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Designer Jeffrey Bilhuber leads Red Diamond Lecture Series at The Gardens on October 7

published: 09/23/2016

Designer Jeffrey Bilhuber leads Red Diamond Lecture Series at The Gardens on October 7

Jeffrey Bilhuber is one of the nation's most respected interior designers. He shares his design prowess through his firm, Bilhuber and Associates, which is based in New York City. He has authored four highly acclaimed books, all published through Rizzoli: Jeffrey Bilhuber's Design Basics, Defining Luxury: The Qualities of Life at Home and The Way Home: Reflections of American Beauty. His latest is American Master. His clients have included: Vogue, 70 Park Avenue Hotel, City Club Hotel, Ariel Sands Resort for Michael Douglas, Conde Nast Publications and Mariska Hargitay and Peter Hermann.

Bilhuber visits Birmingham as part of the Red Diamond Lecture Series at Antiques at The Gardens on Friday, October 7. The Red Diamond Lecture Series will also include floral designer Michael Grim of the Bridgehampton Florist.

Bilhuber's talk at The Gardens will be at 11 a.m., and he'll sign copies of his book after. Tickets for the event can be reserved here.

Before visiting The Gardens, he reflected on his career and shared more about his style and inspiration.

What can we expect from your latest book,
American Master?

It is the latest and the greatest! It's the fourth book. I'm not sure how many other designers have it in them to more than one book out, but I've been very fruitful in managing to get a new book out every three years. Because I'm trying to articulate changes in market or the mood in the country, the evolution of personal style. I'm proud that I have four books, but I'm very pleased that with each cycle, I'm able to continue to show my logical evolution and that of the clients and consumers that surround us.

At this point in my career, I've had the chance to realize it's a very, very difficult industry to succeed in. And once you've succeeded, it's even more difficult to stay at the top of your profession. I succeeded early on – within the first few years of founding this company, I rose to the top of the profession and garnered a lot of attention. Through talent and grit, I've managed to stay there. American Master is the proverbial pat on the back of doing my job very, very well and realizing that I am at the top of my game at this point. And it's been well earned.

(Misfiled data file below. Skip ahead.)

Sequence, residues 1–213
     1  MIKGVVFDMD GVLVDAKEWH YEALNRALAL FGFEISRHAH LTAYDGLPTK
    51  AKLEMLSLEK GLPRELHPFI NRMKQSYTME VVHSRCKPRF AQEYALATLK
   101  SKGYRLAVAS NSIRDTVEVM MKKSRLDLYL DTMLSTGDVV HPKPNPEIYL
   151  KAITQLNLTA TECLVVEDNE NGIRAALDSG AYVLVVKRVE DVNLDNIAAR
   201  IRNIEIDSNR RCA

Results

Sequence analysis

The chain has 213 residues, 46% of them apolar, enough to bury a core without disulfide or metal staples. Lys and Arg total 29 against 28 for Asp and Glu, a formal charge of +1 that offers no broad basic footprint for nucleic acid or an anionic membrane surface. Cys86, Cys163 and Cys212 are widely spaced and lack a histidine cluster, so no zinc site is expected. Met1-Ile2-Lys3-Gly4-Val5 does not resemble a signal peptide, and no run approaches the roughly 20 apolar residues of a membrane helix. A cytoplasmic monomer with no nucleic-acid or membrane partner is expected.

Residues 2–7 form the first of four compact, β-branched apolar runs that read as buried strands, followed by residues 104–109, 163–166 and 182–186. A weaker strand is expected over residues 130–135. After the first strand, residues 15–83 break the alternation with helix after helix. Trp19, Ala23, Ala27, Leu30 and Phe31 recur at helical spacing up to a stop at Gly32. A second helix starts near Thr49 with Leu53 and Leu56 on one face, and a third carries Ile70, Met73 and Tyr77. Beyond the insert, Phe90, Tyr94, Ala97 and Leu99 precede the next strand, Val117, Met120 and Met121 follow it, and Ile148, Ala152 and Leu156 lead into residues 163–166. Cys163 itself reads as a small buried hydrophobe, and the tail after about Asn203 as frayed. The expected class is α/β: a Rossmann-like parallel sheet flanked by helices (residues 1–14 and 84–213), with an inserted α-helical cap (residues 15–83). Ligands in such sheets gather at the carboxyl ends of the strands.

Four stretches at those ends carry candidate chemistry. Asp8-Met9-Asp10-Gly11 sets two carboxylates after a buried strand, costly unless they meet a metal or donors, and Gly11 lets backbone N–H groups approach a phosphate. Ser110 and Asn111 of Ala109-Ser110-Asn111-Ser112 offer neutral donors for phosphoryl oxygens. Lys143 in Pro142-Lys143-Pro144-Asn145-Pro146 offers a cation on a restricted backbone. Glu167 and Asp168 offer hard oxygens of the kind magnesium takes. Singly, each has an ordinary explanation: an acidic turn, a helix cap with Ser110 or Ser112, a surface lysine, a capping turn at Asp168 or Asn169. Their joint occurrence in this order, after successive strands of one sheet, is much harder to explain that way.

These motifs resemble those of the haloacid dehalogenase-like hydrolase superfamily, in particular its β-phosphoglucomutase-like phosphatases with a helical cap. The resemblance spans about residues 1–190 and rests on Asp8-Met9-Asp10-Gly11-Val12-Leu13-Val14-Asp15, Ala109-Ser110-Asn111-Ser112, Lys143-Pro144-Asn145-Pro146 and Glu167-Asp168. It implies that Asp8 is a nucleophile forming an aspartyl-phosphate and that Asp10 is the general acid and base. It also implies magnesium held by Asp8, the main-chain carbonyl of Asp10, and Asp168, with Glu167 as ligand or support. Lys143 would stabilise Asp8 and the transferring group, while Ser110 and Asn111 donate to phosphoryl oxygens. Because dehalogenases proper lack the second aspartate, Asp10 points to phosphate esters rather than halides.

You're going to see projects that represent the best of my career to date, but it's balanced with 30 signature statements that are the bedrock principles that have defined my design process. It's not just an overview of recently completed projects, but it's the foundations of what makes all of these projects work – the takeaway information for the reader is to be an informed audience and consumer. These 30 principles distill the process just how much effort it takes to get rooms to a point where they are appropriate, invigorating, creatively stimulating and balanced.

Mariska Hargitay wrote the foreword on the new book. What can you tell me about the projects that you've work on with her?

I believe that I've worked on six projects with Mariska. She's a fan, and she's very loyal. She understands the creative process intensely, just given her craft. And she can read my shorthand. She understands that creativity and business go together. You write a book and you think, "Who is it that should set the stage with a foreword? Who understands the message best of all of your current clients?"

Anna Wintour was delighted to write the foreword to the first book. We were deeply immersed with her at the time at Conde Nast and Vogue offices and the Metropolitan Museum of Art and her houses through the city and the country. And over the last three years, Mariska has also become a very important aspect of our company and a huge supporter.

How did you begin your work with Vogue?

That was through Anna. She was interviewing interior designers to redecorate the offices at Vogue. It was a bit of a cattle call early in my career, and I was flattered that Anna Wintour wanted to meet with me about the offices at Vogue in the Conde Nast building. I skipped in proudly with my portfolio in order to see in front of me a sea of competition and all of my peers lined up in front of me on a sofa. It deflated my balloon very rapidly. But from that pack, I was plucked – which was great. And Anna Wintour to this day remains the most powerful woman in the fashion industry. It's a very intimate, very productive, very trusting relationship. She has the ability and the smarts to turn to the creative people around her and say, "Do your best work." It's her business to do that. She has a fine-tuned instinct for being able to spot great talent and to be able to nurture it.

What is the most important room in the house?